"purpose," or "approval," or "character," or "nature" to work all
          things  together for good to them  that are in love covenant with
          Him.  In  short, it is  God's favor and grace  by which He  makes
          Himself available to us and He does so through prayer.  Comparing
          this with  the knowledge  that the showbread  was that  which was
          perpetually  before   the   Lord,   representative   of   eternal
          fellowship, we should now be  able to acknowledge the ministry of
          Holy partnership with  God's Spirit as  we sit and  sup with  Him
          through  prayer.    Let's  take  another  step  in examining  the
          "nature" - true character - of His "purpose/showbread."


               Quite  simply,  the  table  of  showbread  was  a  point  of
          perpetual contact with  God for the ministering priests.   It was
          at  this  table they  meant  with  the  Almighty and  shared  the
          covenant meal each and every time they ate.  As they  reached out
          to  partake of  the "Bread  of  God," they  were making  personal
          contact with Him  in behalf of all of Israel.   Additionally, the
          table was only twenty-seven inches high; necessitating a kneeling
          posture.  Such  humility and reverence  when one prays  certainly
          demonstrates reverence.
               We, too, need to maintain personal contact with our Heavenly
          Father  through  intimate  prayer.    Often  the  busy  Christian
          forsakes time  with the Lord  and thus the  relationship suffers.
          We need  always to  make contact  through prayer  and partnership
          with the Holy Spirit makes this possible.


               The table of  showbread is the Old Testament  counterpart of
          New Testament communion,  I.E. The Lord's table.   It is symbolic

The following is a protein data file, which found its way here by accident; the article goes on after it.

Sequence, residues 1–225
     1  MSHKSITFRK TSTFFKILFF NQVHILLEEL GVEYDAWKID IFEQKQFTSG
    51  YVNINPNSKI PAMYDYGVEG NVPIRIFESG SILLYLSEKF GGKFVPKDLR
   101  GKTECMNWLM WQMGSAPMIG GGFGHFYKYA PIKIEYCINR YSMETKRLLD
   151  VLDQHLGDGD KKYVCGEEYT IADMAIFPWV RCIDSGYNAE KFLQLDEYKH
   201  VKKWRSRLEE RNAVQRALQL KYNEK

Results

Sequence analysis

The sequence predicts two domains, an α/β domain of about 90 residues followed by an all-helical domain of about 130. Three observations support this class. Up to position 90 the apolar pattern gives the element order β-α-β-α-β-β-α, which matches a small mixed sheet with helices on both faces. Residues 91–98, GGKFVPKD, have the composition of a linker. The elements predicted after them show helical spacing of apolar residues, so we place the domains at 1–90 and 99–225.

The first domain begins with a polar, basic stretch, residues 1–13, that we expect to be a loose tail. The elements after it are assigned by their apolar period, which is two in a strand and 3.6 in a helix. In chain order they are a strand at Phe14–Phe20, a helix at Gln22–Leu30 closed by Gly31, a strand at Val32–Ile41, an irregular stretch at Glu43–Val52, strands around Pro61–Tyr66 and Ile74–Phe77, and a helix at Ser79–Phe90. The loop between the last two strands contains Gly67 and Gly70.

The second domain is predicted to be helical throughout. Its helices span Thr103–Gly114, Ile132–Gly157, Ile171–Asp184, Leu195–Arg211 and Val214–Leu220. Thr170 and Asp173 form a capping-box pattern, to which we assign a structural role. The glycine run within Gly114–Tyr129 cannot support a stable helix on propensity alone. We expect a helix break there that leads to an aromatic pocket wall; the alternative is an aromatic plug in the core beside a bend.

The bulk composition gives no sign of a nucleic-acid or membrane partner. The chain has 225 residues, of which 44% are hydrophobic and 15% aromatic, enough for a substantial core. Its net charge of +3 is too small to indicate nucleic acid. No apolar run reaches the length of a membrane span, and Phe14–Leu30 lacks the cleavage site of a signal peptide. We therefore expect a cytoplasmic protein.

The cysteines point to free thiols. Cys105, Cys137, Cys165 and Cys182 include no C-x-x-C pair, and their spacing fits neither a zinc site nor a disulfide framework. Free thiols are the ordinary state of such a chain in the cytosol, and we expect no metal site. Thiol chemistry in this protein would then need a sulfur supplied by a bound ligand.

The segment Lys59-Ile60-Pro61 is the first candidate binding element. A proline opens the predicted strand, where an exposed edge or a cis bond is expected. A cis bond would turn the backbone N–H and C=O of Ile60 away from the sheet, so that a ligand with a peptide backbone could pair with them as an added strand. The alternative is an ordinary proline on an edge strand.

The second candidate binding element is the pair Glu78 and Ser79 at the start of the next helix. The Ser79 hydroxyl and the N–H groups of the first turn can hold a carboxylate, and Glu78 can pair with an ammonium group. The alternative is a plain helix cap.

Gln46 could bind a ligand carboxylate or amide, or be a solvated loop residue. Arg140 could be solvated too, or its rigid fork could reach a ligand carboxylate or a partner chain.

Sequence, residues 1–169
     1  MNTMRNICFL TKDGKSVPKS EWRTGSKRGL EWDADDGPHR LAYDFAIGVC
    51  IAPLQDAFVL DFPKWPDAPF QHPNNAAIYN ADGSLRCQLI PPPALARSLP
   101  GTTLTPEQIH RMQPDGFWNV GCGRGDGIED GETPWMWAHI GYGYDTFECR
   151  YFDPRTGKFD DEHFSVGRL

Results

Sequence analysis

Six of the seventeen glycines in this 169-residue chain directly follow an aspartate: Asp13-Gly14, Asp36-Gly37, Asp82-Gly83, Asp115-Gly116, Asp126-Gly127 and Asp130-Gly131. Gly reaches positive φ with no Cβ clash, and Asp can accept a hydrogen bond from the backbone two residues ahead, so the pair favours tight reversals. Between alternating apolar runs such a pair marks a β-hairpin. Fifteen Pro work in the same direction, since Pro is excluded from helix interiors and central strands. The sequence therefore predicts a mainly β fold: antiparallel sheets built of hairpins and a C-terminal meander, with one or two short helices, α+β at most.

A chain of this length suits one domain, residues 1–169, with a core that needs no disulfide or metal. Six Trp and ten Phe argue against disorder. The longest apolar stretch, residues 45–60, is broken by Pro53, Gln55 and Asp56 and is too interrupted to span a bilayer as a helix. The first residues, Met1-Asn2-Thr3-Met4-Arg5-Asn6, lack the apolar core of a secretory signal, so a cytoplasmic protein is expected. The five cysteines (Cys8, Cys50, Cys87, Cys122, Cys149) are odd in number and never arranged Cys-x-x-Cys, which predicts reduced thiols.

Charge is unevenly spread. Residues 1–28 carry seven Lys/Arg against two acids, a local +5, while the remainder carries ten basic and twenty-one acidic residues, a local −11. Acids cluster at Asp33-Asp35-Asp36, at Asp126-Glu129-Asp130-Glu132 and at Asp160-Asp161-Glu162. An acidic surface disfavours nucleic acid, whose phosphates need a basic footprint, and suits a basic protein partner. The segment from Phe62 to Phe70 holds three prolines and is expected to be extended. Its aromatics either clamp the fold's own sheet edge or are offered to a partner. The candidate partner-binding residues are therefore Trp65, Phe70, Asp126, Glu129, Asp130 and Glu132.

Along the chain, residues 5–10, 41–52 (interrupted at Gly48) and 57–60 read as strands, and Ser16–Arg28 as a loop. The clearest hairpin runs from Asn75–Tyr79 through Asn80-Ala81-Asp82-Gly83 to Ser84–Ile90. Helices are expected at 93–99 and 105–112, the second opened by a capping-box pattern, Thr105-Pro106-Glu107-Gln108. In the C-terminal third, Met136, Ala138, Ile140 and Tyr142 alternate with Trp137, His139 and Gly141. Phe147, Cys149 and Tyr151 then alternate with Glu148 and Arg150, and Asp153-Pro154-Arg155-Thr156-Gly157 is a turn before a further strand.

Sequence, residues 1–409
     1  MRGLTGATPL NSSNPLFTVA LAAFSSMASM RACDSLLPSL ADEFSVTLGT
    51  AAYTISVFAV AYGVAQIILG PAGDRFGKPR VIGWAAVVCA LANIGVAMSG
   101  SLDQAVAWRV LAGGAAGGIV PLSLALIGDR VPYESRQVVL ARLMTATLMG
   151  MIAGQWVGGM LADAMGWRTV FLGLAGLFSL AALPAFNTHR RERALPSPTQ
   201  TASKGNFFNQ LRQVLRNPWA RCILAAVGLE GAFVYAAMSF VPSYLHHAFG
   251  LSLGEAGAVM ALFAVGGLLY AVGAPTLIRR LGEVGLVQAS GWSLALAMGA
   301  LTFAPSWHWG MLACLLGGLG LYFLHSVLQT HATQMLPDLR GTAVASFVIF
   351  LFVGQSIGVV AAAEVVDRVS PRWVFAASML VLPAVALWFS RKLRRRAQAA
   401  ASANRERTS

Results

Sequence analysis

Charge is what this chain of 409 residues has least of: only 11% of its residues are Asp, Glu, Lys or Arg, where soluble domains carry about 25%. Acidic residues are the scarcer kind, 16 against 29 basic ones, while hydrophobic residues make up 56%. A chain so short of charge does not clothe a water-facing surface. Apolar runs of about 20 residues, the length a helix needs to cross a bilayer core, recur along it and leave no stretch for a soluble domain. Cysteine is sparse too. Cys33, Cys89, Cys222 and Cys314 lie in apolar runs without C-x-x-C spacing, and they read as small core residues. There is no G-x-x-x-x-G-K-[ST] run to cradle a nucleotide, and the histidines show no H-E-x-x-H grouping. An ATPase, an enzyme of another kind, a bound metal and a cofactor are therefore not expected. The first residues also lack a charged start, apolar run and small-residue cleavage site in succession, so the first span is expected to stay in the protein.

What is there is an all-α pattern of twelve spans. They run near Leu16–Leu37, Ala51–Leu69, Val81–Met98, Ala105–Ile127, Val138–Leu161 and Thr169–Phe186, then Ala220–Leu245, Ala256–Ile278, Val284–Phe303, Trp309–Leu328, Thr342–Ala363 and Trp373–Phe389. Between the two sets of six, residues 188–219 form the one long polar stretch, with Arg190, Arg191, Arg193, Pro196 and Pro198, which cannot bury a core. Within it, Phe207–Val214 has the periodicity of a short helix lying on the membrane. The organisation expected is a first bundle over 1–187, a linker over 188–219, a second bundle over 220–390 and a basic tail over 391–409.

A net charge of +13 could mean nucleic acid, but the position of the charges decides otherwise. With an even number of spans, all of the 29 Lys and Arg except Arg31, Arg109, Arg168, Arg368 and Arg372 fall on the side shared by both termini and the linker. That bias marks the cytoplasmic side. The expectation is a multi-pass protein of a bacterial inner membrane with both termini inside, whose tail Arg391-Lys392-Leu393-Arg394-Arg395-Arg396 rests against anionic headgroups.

of the shed blood - the wine or grape juice - and the bread - His
          body.   Our Lord  established this  communion, of  course, before
          going  to  the cross  and  commanded  it  be practiced  until  He
          returns.   It speaks of intimacy,  as did the table of showbread,
          only now the born again Believer needs no representation to stand
          before God in his behalf; Jesus is that High Priest.
               We  have  three  zones, areas,  of  personal  communication.
          First there is the social zone; the radius of several feet.  This
          zone  is passive contact  with those about  us with  which we may
          pass, for  example, on the street.   The second zone is personal.
          We experience  this zone  when discoursing,  whether standing  or
          sitting, with someone  in close proximity.  Finally  there is the
          intimate zone; one  of personal contact.  This  is the fellowship
          which we share with our Heavenly Father at the table of showbread
          - the table of communion.
               The  dictionary defines  "to commune"  as:  (The sharing  of
          mutual interests,  thoughts, and  possessions).   Such  certainly
          falls  into the  area of exchange  when cutting,  confirming, and
          completing  covenant.  The communion table we share with our Lord
          in  today's New Testament day  is representative of  the covenant
          meal we share when we pray.


               As we have already seen in  this study, the two words "makes
          intercession" is used  twice by Paul in Romans 8:26 and (27).  In
          verse  (26), it simply  means the Holy Spirit  makes, or creates,
          prayers for  us.  He does so,  not only because we  do not always
          know how  to pray,  but because  it is  His nature.   The  second
          reference to "makes  intercession" in verse (27)  is rendered (to
          confer).  Again referring to a dictionary definition, we find "to
          confer"  means:   (to  converse, to  compare views,  to consult).
          Such is our fellowship with God as we pray.  Most have little, if
          any,  problem  accepting prayer  as  conversing  with  God.    We
          likewise accept prayer as spiritual consultation.  Most, however,
          find it  impossible to  believe that  prayer involves  (comparing
          views,  sharing interests,  or the  exchange of  views).   If you